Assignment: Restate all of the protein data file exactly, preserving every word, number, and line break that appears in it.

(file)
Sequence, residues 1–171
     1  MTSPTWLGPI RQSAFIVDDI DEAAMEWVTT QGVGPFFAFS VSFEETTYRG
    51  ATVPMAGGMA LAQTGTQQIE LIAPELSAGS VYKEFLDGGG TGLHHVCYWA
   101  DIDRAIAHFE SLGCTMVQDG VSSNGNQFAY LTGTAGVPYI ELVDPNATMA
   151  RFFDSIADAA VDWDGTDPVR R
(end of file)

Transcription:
Sequence, residues 1–171
     1  MTSPTWLGPI RQSAFIVDDI DEAAMEWVTT QGVGPFFAFS VSFEETTYRG
    51  ATVPMAGGMA LAQTGTQQIE LIAPELSAGS VYKEFLDGGG TGLHHVCYWA
   101  DIDRAIAHFE SLGCTMVQDG VSSNGNQFAY LTGTAGVPYI ELVDPNATMA
   151  RFFDSIADAA VDWDGTDPVR R